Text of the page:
AN environmental spotlight hopes to highlight to communities the importance of not watering down marine park protections.
The organisation Save Our Marine Life has joined a number of environmental groups to launch an online book to challenge the NSW government’s decision to ease bans or move sanctuary zones in marine parks.
Earlier this year a number of changes were made to Jervis Bay Marine Park allowing for recreational fishing in areas where it was previously banned.
The government also announced a proposal for commercial aquaculture in Jervis Bay.
Environmentalists are concerned that protections are being eroded.
Former chairman of the Jervis Bay Marine Park Advisory Committee and local spokesman for the Nature Conservation Council Attila Kaszo hoped to help raise public vigilance on the issue.
“I think the NSW government is just doing litmus test projects to see what will fly. And I believe the aquaculture in Jervis Bay is one of those,” he said.
Mr Kaszo accused the government of “cherry picking” the science to suit its requirements to commercialise more of the state’s marine parks and make them pay.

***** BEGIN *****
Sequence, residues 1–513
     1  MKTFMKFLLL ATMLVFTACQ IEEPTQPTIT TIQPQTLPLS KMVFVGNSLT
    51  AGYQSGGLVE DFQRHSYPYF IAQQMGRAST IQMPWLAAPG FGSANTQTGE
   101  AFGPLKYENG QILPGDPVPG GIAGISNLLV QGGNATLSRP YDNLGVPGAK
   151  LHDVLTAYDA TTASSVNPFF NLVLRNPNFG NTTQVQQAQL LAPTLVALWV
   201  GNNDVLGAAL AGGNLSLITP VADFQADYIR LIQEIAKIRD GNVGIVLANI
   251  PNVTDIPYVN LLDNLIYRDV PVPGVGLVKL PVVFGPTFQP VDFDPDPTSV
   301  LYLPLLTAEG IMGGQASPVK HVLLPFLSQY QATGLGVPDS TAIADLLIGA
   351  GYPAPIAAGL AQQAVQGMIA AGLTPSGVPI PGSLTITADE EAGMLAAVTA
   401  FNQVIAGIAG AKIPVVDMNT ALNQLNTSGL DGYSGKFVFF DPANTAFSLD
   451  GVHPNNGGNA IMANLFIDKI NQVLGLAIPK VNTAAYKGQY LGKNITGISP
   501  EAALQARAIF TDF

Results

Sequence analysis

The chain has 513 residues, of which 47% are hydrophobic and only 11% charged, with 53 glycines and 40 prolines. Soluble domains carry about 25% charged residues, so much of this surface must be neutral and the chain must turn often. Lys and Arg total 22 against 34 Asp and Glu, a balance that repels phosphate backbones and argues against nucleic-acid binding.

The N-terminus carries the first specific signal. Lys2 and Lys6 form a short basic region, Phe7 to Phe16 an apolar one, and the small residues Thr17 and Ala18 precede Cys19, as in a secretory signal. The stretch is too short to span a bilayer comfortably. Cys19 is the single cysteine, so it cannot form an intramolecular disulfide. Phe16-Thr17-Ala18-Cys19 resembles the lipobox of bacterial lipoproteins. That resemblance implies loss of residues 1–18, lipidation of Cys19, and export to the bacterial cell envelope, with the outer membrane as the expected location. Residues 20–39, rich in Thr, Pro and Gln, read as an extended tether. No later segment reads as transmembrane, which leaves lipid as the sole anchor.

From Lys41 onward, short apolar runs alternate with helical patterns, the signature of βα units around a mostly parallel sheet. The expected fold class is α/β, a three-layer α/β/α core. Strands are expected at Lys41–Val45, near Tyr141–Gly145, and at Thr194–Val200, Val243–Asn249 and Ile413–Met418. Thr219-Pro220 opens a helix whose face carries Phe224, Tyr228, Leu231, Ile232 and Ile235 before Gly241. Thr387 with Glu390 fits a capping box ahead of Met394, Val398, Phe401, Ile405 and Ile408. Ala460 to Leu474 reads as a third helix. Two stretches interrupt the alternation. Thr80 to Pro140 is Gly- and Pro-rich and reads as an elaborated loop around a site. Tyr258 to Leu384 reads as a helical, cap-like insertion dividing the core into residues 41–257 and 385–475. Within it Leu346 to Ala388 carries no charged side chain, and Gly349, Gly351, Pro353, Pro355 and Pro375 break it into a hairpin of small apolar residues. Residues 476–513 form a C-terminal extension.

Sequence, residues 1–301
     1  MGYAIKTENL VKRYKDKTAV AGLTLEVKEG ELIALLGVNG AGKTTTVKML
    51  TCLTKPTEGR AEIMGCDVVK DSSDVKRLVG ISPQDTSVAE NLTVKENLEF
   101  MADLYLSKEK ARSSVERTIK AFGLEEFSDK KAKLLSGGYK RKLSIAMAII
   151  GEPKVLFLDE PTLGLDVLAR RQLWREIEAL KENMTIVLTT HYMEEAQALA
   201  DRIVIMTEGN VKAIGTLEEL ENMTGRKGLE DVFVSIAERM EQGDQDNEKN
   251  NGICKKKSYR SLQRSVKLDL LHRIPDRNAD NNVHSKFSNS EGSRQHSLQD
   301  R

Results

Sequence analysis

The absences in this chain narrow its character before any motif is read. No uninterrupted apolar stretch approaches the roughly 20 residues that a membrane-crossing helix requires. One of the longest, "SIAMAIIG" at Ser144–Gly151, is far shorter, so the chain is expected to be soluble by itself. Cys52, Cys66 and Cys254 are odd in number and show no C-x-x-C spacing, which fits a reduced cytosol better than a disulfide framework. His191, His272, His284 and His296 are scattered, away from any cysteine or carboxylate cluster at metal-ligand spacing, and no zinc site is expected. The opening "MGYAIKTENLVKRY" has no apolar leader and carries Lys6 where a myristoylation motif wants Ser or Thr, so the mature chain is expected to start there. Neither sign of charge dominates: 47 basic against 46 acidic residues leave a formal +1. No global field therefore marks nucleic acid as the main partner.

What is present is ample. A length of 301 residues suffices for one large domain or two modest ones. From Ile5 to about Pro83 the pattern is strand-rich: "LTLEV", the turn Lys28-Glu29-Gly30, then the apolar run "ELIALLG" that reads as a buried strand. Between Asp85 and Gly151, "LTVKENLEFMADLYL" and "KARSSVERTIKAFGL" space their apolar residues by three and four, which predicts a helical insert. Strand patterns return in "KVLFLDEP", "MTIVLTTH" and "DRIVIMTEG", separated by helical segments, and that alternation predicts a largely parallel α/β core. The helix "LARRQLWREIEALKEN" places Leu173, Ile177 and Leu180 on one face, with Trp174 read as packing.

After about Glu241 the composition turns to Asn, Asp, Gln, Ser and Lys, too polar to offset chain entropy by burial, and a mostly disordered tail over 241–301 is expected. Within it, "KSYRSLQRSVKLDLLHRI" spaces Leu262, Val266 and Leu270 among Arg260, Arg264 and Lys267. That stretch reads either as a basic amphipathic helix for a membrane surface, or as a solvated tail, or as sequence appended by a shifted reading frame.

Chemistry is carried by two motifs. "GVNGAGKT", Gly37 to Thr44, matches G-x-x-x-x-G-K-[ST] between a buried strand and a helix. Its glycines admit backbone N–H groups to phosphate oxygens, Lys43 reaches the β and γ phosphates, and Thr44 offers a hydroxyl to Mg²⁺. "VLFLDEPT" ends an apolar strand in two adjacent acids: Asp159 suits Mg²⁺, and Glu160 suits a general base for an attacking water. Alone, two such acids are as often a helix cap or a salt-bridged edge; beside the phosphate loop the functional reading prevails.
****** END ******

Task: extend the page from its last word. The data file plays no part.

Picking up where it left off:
“They’ve opened up recreational fishing in parts of sanctuary zones and that’s a major issue,” Mr Kaszo said.
“The whole purpose of having a marine park in the first place is to protect the biodiversity in its biology.
“To do that you’ve got to create zones to protect it from people raping and pillaging it,” he said.
The new online book, titled Beyond the Beach: Exploring NSW’s underwater treasures, helps explain the benefits of marine parks and how important they are to the ecosystem.
Mr Kaszo said the document “is not slagging off at the government, it’s just saying be sensible, think of the huge tourism dollars parks are attracting, but don’t turn the clock back”.
“Don’t make them commercial enterprises where it’s only the dollar that counts.
“We have a growing population and we are putting more pressure on the environment and we’ve got to balance that with what we have left.
“If we water down the protection the system will collapse and once that happens it’s all over.
“It’s so fragile it doesn’t take a great deal to upset that balance,” he said.
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